Last week I was delighted to join Malcolm Turnbull at the first meeting of the Referendum Council.
The creation of this bipartisan council is an important step towards recognising Aboriginal and Torres Strait Islander people in the Constitution.
With the collective wisdom and experience of its eminent members, the Referendum Council will lead national consultations and community engagement so the voices and ideas of all Australians, especially the first Australians, are at the centre of the recognition conversation.
I know many in the community are frustrated by the slow pace of progress to date, and the feeling that things are not moving as fast as they should.
But as the real work of the council gets under way, I want to make it clear at the outset that I and Labor will do everything we can to make recognition a reality.
Constitutional recognition for Aboriginal and Torres Strait Islander peoples is an overdue act of justice. It is a national wrong that must be made right. We need to pursue change that goes beyond symbolism or poetry. Recognition can’t just be a nod to good intentions, it needs to be meaningful.
History tells us that constitutional change is difficult and it cannot be rushed. But this does not mean we should risk losing momentum by signing off on nothing more than a strategy for delay. I believe the council and its consultations will bring new energy and clarity to the recognition process, including a community consensus on the framing of the referendum question.
Without an agreed question, it’s impossible for supporters of recognition to advocate a concrete case for constitutional change. Instead we end up arguing in a vacuum, filled from time to time by the tiny minority that does not want to see any change at all.
Above all, the question we take to Australians must be shaped by real and substantive engagement with Aboriginal and Torres Strait Islander peoples, guided by the principles of inclusion and respect and informed by an acknowledgment of culture and connection with land and sea. We need a proposal formed by the empowered voices of Aborigines and Torres Strait Islanders, a case for change they can own, advocate and vote for with pride.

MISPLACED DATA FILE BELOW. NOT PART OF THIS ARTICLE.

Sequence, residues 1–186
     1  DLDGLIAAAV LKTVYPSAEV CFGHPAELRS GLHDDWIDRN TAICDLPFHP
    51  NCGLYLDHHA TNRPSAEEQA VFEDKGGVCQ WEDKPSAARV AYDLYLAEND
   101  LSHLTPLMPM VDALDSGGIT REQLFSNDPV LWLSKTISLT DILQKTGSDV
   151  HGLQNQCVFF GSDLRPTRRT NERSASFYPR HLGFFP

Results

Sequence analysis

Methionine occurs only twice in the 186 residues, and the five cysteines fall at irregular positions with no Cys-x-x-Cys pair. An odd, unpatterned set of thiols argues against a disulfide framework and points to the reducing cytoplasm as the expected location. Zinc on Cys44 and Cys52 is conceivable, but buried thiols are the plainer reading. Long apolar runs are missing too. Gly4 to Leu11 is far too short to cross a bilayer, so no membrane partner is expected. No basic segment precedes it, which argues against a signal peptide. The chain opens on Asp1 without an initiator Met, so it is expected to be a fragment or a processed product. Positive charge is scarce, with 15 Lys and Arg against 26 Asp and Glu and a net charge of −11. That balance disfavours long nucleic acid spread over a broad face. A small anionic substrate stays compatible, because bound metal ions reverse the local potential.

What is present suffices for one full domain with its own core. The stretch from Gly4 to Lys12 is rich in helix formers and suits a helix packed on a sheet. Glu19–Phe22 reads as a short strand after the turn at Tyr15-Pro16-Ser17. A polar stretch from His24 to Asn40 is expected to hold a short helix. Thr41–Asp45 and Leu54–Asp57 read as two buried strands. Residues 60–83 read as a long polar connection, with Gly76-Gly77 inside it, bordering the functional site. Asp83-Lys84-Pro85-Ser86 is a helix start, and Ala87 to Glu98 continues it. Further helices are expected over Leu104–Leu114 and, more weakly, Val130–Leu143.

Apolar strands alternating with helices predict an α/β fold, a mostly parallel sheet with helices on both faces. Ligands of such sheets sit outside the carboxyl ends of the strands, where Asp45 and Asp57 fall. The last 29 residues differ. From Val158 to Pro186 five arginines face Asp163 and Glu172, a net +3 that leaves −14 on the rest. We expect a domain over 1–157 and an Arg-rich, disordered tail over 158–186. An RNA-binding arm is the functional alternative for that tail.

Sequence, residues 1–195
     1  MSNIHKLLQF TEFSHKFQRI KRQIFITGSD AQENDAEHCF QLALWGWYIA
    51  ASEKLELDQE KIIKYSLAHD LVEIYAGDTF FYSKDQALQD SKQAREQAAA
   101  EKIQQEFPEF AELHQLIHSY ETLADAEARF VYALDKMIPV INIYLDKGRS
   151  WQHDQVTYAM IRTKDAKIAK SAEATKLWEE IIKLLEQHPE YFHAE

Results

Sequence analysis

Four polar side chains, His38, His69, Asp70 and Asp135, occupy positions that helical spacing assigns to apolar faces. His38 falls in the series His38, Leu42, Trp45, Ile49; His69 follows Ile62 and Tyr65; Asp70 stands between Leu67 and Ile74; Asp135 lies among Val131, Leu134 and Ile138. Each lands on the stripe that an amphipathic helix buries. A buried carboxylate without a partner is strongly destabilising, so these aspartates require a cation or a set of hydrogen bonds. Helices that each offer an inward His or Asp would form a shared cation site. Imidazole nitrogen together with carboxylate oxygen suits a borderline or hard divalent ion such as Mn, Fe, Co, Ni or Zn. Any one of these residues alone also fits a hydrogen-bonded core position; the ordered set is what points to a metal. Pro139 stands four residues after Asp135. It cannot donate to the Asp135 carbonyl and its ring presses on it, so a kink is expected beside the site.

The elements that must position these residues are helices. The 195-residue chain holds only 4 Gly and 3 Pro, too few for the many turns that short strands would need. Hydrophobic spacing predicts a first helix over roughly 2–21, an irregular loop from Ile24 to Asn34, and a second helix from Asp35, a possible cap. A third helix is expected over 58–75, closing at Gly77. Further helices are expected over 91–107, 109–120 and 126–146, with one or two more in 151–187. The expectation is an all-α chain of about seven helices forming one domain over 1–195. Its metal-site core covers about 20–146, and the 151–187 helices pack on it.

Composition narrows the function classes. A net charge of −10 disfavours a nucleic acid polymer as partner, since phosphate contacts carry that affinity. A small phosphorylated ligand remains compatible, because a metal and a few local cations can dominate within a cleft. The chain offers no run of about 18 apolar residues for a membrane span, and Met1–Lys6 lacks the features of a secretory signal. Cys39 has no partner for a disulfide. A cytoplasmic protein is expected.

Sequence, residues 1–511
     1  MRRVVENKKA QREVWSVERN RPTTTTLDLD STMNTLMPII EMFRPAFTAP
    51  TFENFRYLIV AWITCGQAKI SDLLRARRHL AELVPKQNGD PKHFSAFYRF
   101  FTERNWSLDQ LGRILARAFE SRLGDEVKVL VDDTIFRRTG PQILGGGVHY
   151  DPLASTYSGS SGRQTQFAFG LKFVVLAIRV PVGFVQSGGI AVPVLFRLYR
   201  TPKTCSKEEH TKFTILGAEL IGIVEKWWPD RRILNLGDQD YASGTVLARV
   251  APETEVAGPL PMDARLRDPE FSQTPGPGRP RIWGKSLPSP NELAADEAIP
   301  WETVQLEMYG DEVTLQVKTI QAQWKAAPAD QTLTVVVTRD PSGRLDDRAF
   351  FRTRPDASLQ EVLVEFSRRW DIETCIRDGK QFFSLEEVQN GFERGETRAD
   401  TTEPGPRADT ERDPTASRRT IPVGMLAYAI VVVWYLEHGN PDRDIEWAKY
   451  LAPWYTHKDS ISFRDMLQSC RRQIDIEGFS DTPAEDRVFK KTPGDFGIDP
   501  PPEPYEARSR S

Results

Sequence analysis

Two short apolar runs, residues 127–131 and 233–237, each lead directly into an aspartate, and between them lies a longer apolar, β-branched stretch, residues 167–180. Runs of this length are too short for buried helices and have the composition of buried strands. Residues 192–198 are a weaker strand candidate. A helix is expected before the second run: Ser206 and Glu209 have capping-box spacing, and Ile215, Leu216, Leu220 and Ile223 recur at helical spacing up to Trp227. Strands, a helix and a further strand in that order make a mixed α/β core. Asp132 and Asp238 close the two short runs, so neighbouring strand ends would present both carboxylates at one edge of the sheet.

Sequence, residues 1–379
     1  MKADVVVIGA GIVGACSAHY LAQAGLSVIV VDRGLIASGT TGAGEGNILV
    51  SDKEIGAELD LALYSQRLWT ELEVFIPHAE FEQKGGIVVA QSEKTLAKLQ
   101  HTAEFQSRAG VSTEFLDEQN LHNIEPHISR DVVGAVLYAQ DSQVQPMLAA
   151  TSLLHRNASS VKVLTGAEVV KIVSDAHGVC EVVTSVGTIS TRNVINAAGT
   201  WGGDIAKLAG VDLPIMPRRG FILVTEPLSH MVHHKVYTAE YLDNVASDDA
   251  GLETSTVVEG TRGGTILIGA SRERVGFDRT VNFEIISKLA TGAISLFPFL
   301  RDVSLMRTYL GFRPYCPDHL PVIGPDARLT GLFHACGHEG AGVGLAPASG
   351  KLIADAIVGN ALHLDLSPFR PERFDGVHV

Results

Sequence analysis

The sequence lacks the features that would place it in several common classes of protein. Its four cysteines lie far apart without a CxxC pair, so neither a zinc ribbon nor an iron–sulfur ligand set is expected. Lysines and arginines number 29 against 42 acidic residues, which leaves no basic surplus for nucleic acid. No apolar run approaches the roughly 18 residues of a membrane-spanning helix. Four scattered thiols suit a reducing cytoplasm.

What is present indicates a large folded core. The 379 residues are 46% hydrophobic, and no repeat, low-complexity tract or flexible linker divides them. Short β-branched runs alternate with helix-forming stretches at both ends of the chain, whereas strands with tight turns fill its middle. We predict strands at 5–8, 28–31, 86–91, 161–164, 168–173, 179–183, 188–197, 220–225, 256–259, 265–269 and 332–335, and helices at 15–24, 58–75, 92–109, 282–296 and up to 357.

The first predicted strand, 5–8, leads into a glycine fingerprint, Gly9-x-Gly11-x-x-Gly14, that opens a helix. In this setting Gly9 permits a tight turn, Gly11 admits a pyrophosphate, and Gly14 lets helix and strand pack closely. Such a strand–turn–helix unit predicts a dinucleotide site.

For all its incontestable merit, recognition alone is not a substitute for tackling disadvantage or closing the gap.
Recognition will not stop young Aboriginal people being put in jail when they should be going to university. On its own, recognition won’t create new jobs or fill the void left by cuts to essential community services.
But if recognition is about equality in the Constitution, it is also a bigger declaration of intent. It is a promise to pursue equality in every facet of our national life: from health, education and housing to jobs, justice and the right to grow old.
Turnbull is the fifth prime minister to pledge support to recognition and I am the fifth opposition leader. However, the answers will not come from us, any more than they came from our predecessors. Whether we succeed or fail depends on the empathy and imagination of the Australian people.
I am confident, as a country, that we can find it in our hearts to accord the first members of our Australian family a place of honour on our national birth certificate. When it comes to delivering historical justice, there’s no time like the present.
This opinion piece was first published in The Australian on Thursday, 24 December 2015